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Put Out Into the Deep! – Meditation of the Studies in the Gospel of Luke

Put Out Into the Deep! – Meditation of the Studies in the Gospel of Luke

This is what he wants for all of his disciples, to draw us into complete reliance on and trust in him. He wants for us to put out into the deep, to leave everything behind and surrender our whole lives to him—our hopes, our dreams, our wounds and weariness, all of it—in order that give all of himself to us. And in order to do that, he very often has to poke and prod at precisely those areas where we are most wounded, most weary. But he does not do so out of callousness; he does so out of love, so that he might pour his unfailing love into those areas of our lives and we might experience his abundant life.

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Living For Christ’s Return – Meditation of the Studies in 1 Peter

Living For Christ’s Return – Meditation of the Studies in 1 Peter

…our Lord’s promise to come again is our great hope, the hope of the return of the king and the establishment of his kingdom right here on earth as it is in heaven. It is the promise that right and goodness, justice, love and mercy will prevail and that evil will be held to account. It is the promise that a life well lived is not in vain and that one lived for evil will not escape a verdict. That is, it is the promise that this life and how we live it really matters.

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A Ministry of Healing and Redemption – Meditation of the Studies in the Gospel of Luke

A Ministry of Healing and Redemption – Meditation of the Studies in the Gospel of Luke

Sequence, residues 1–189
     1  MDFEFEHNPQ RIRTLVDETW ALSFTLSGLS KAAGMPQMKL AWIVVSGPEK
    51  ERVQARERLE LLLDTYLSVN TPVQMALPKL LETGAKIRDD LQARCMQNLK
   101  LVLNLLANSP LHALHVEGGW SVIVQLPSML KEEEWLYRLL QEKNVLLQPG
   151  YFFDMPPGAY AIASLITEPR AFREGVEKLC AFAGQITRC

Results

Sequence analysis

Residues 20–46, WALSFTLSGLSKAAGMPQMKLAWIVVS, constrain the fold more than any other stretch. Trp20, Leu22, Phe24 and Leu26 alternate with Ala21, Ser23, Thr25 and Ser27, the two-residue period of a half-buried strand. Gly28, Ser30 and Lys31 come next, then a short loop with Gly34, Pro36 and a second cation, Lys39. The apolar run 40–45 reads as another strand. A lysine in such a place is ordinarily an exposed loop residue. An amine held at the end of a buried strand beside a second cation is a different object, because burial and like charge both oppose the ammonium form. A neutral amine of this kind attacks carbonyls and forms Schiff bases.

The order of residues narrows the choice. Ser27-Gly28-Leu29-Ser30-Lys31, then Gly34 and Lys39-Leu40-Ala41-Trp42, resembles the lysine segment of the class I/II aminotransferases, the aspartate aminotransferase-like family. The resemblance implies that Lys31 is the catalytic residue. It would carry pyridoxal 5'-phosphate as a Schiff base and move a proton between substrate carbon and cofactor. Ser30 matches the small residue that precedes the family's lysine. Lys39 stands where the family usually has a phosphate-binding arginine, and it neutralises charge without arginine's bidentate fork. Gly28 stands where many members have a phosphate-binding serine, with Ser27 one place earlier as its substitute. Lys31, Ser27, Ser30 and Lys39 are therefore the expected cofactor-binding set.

…the same ministry of healing, liberation and redemption to which Our Lord was called as Messiah and Son of God, is the same ministry to which we all are called as sons and daughters of God, a ministry that cares deeply and works endlessly not just for the spiritual well-being of the world around us, but also for its physical and emotional, because this is the heart of God and, as Joel Green reminds us progeny are meant to exhibit the qualities of their parents.

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Forgiven and Empowered – Meditation of the Studies in 1 Peter

Forgiven and Empowered – Meditation of the Studies in 1 Peter

In other words, when we come to faith and are baptized something really happens to us. We are not just forgiven and sent on our way to try to do better. Rather, we are truly freed from the grip of sin and empowered to live the life to which we are called. This, of course, is not to say that in the face of long habit within and allure or coercion without that it will be easy. It is not to say that we will not on many occasions fail. Rather, it is to say that failure is not final and success is sure if we but persevere and continually surrender ourselves to God’s grace.

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Testing or Trusting? – Meditation of the Studies in the Gospel of Luke

Testing or Trusting? – Meditation of the Studies in the Gospel of Luke

…it is important to note that this type of testing is not at all the same thing as struggling to trust in God’s goodness and faithfulness in the midst of darkness or difficulty. The Bible (particularly the psalms) is full of examples of faithful people crying out to the Lord as they try to reconcile their pain or suffering with what they’ve been told about God’s character…The difference is that, in doing so, they do not judge him a liar or unfaithful, though they may struggle with fears that this is true at times; rather they struggle to hold on, reminding themselves of his promises and calling to mind his past acts of faithfulness in their lives so that these might be a buoy of hope in the midst of the storm. Far from a lack of faith or testing to God, they ultimately witness to a depth of faith that is both exemplary and beautiful.